As a collector, Rubinstein was both canny and idiosyncratic in her taste; her acquisitions include works by Pablo Picasso, Elie Nadleman, Frida Kahlo, Max Ernst, Leonor Fini, Joan Miró, and Henri Matisse and when she was alive, they graced the homes she kept in London, Paris, New York, the South of France and Greenwich, CT. Also represented are 30 pieces from her visionary collection of African and Oceanic art, a collection that ultimately helped to reshape the way this work was viewed—and valued—in the west.

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October 27, 2014 by

Excuse Me: Supermarket Line Etiquette

Welcome to another edition of Excuse Me, a new illustrated advice column about maddening things. Installments will be posted here every other Monday. Need advice? Send your questions to liana@lilith.org.

excuseme2


Liana Finck’s graphic novel is called A Bintel Brief. She writes and draws a monthly column for The Forward and her cartoons appear irregularly in The New Yorker. She often thinks about the age-old question: fight, or flight?

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October 23, 2014 by

Beyond Pinktober

Pink_ribbon.svgThe world (or in other words, journalists and the blogosphere) is officially disenchanted with Pinktober.
 
Of course, Breast Cancer Awareness Month does have its merits: pink lip gloss, pink sneakers, pink tote bags, pink key chains,pink tee-shirts, pink pens, and pink punching gloves. Also, all pink stuff. 
 
Seriously, though: women learning how and being reminded to perform breast self-exams is amazing. Increasing “awareness,” whatever that means exactly, is not the worst thing that could happen, either. Increased funding for research on the prevention and treatment of breast thing is decidedly a very good thing.
 
But we’re used to all this by now. We’re asking: What does Breast Cancer Awareness month actually accomplish? What and/or whom does it ignore? What are Pinktober’s limitations?

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October 22, 2014 by

What the Wicked Witch Taught Her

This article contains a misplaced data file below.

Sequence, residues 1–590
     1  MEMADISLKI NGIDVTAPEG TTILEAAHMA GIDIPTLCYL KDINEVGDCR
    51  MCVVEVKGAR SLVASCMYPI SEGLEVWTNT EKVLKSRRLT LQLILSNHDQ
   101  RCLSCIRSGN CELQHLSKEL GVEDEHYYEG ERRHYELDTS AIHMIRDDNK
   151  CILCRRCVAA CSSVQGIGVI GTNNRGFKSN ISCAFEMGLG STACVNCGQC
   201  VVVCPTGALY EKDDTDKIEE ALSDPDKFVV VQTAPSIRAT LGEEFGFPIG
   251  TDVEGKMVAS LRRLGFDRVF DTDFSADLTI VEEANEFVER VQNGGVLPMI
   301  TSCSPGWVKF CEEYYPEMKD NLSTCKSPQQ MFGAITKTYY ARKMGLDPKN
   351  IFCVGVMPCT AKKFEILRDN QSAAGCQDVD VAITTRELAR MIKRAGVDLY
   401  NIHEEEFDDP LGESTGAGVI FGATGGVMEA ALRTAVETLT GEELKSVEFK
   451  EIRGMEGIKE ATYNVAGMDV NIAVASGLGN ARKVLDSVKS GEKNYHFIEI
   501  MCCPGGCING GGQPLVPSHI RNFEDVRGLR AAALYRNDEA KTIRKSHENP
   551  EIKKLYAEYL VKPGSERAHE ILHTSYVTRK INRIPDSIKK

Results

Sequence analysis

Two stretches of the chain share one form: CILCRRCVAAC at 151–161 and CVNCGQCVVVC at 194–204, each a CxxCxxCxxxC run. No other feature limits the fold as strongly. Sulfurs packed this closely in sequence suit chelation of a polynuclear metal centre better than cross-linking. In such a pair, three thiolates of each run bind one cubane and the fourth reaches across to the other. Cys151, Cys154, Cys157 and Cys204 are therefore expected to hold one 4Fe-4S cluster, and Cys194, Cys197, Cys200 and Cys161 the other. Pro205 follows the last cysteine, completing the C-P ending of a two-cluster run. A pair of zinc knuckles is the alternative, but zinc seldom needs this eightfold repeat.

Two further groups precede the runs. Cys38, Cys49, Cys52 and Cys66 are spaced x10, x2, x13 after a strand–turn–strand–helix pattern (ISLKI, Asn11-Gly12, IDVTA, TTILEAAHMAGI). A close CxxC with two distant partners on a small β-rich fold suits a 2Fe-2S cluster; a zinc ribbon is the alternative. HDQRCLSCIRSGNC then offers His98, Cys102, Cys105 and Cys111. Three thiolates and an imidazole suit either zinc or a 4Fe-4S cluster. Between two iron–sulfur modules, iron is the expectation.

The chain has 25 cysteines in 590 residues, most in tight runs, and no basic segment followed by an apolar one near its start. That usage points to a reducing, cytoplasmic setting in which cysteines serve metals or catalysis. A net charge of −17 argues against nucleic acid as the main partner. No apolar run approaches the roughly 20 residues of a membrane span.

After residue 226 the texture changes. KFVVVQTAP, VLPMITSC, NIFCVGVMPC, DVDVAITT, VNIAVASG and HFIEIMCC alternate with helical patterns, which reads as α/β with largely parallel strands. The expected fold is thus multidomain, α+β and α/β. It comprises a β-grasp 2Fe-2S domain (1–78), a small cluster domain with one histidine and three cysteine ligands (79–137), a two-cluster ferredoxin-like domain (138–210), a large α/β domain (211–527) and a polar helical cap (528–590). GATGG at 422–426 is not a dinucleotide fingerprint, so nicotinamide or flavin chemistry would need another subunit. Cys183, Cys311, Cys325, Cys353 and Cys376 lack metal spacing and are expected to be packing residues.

512ZYHvHmyLTaken together, the pieces by Bonnie Friedman in Surrendering Oz: A Life in Essays, just out from Etruscan Press, form an autobiography of sorts, one in which we follow the progress of a shy, bookish Jewish girl as she slowly but surely comes into her own. From the Bronx bedroom she shares with her older sister to the thoroughfares and cities of the wider world, we watch as the girl grows and gains confidence, both as a writer, and as a woman.  The essays that chart her growth—she’s now 56—have an internal sequence all their own, determined by their emotional valence, not the calendar. Dorothy from Kansas and Gertrude Stein, Victoria’s Secret and bedbugs—in Friedman’s skilled hands, the quotidian stuff and mess of the world come together in a benign—and even divine—order. Fiction Editor Yona Zeldis McDonough asked Friedman about the singular faith that infuses every single page of this indelible book: 

YZM: Did you write these essays with the goal of gathering them into a book? Or did their coming together in a single volume happen after they had been written? 

BF: I wrote these essays over many years, always in the grips of a presiding passion — something I needed to figure out in my own life but that I thought reflected something unspoken or unresolved in the lives of other women. Late in the process I saw that the essays connected up – they all concern how one learns to think for oneself, how one gains possession over one’s own life. Once I saw that, I believed I might have a book.

YZM: You offer a brilliant, feminist interpretation of the film The Wizard of Oz; do you feel its messages have particular meaning for Jewish women?